And yesterday were revealed to have tumbled to the lowest levels since September among school-age children, and to have dropped in 147 of 149 English local authorities – 98 per cent – in the second week of February.
But there are now early signs the nosedive is starting to slow, with the Department of Health recording a 2.3 per cent drop in infections last Wednesday compared to the week before.
Department of Health data shows 20,156 beds were taken up by Covid-infected Brits on February 16, the most recent day figures are available for. For comparison, there were more than 21,000 coronavirus patients needing hospital treatment on the worst days of the original outbreak last April.
The ONS data showed the total number of infections in England are now at their lowest levels since mid-November, when the second national lockdown was imposed to curb infections.
Estimates for infections in the devolved nations showed there were 24,600 Covid cases in Wales – 1 in 125 people having the virus -, around 17,800 in Northern Ireland – 1 in 105 – and 29,200 in Scotland – 1 in 180.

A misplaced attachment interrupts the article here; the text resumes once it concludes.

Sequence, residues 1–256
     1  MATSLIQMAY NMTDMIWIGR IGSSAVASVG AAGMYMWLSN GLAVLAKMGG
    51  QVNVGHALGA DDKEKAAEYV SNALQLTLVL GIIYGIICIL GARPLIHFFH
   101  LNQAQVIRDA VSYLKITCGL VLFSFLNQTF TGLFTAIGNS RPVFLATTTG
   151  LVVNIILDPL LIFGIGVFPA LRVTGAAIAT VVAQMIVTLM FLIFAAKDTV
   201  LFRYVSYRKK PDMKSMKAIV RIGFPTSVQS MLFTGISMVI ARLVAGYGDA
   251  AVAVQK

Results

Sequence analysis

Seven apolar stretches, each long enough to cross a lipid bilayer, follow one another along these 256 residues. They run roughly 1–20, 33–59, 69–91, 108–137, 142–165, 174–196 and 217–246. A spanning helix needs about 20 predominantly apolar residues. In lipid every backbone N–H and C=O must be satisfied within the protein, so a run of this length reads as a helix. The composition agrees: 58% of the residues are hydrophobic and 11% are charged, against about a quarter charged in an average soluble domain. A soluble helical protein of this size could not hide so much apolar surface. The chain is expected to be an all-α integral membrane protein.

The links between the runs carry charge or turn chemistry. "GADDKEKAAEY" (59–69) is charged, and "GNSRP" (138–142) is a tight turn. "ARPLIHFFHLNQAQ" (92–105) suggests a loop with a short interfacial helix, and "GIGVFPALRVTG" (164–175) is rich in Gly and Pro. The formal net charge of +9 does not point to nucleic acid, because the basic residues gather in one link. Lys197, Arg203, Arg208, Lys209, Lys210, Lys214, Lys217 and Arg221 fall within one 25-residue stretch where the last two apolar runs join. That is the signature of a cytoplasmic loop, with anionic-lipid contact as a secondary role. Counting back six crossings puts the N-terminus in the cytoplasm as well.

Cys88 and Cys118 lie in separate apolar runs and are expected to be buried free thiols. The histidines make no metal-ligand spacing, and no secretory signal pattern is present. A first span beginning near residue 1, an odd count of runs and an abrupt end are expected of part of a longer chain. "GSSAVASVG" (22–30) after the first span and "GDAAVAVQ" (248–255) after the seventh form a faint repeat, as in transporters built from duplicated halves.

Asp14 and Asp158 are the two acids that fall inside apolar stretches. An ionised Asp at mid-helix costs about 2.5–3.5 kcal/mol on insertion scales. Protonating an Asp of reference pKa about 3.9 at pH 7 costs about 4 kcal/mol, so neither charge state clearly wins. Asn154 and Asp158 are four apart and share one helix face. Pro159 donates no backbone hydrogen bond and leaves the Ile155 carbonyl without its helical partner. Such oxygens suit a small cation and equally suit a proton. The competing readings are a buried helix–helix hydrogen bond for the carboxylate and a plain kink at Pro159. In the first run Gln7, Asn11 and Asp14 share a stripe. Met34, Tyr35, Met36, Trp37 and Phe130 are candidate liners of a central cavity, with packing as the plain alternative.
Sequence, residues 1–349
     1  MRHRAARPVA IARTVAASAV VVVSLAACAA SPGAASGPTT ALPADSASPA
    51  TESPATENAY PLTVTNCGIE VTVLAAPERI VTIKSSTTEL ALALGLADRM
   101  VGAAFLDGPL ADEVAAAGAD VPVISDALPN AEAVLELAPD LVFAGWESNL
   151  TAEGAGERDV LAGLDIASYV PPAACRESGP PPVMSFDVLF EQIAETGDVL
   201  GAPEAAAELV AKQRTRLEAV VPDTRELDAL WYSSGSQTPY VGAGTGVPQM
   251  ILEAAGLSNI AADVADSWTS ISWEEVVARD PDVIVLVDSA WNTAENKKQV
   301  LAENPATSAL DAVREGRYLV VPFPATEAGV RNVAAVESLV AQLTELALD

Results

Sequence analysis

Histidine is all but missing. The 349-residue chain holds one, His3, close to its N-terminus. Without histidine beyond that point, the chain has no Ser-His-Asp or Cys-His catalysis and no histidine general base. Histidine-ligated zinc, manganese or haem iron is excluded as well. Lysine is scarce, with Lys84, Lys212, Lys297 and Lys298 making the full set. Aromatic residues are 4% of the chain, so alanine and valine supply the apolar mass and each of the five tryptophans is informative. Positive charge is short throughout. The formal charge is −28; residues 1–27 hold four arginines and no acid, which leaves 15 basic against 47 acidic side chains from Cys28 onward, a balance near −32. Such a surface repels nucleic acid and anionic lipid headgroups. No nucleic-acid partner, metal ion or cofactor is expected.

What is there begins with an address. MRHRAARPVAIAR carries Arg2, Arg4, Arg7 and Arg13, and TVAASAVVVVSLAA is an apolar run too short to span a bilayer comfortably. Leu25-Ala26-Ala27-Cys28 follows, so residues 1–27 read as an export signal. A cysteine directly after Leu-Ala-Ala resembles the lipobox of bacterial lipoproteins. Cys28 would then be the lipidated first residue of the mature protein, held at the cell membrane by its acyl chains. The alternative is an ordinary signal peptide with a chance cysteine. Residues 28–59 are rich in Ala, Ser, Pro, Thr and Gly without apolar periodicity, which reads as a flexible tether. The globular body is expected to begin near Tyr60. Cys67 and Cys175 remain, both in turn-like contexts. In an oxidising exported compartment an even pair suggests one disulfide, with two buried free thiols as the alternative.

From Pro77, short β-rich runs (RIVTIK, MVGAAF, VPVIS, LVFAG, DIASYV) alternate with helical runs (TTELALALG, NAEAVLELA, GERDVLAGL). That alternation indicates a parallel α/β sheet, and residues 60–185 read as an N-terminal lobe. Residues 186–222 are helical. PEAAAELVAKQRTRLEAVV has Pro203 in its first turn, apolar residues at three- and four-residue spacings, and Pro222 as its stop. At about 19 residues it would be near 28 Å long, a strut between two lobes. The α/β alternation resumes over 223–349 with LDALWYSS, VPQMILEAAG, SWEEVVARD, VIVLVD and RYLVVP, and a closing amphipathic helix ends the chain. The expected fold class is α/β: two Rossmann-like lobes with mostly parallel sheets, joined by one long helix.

The report also revealed that the mutant Kent variant of the virus remains the dominant strain in every region of England, and across Scotland, Wales and Northern Ireland.
The data also shows the number of Covid patients in hospital has nearly halved since January. Almost 40,000 beds were taken up by the infected during the peak of the second wave last month.
And the number of patients on ventilation beds has also plunged by 36 per cent in a month.
It comes as official data released yesterday showed cases have plummeted to their lowest levels since September — before the second wave spiralled out of control.
Department of Health bosses recorded 12,057 new infections, marking a 10.6 per cent drop from last Thursday. Another 454 deaths were also announced, a 33 per cent fall on last week.
Separate Public Health England figures revealed cases among school-age children have plunged to their lowest levels in five months. Around 86 cases were recorded per 100,000 10 to 19 year olds in the week ending February 14 — the lowest rate since September.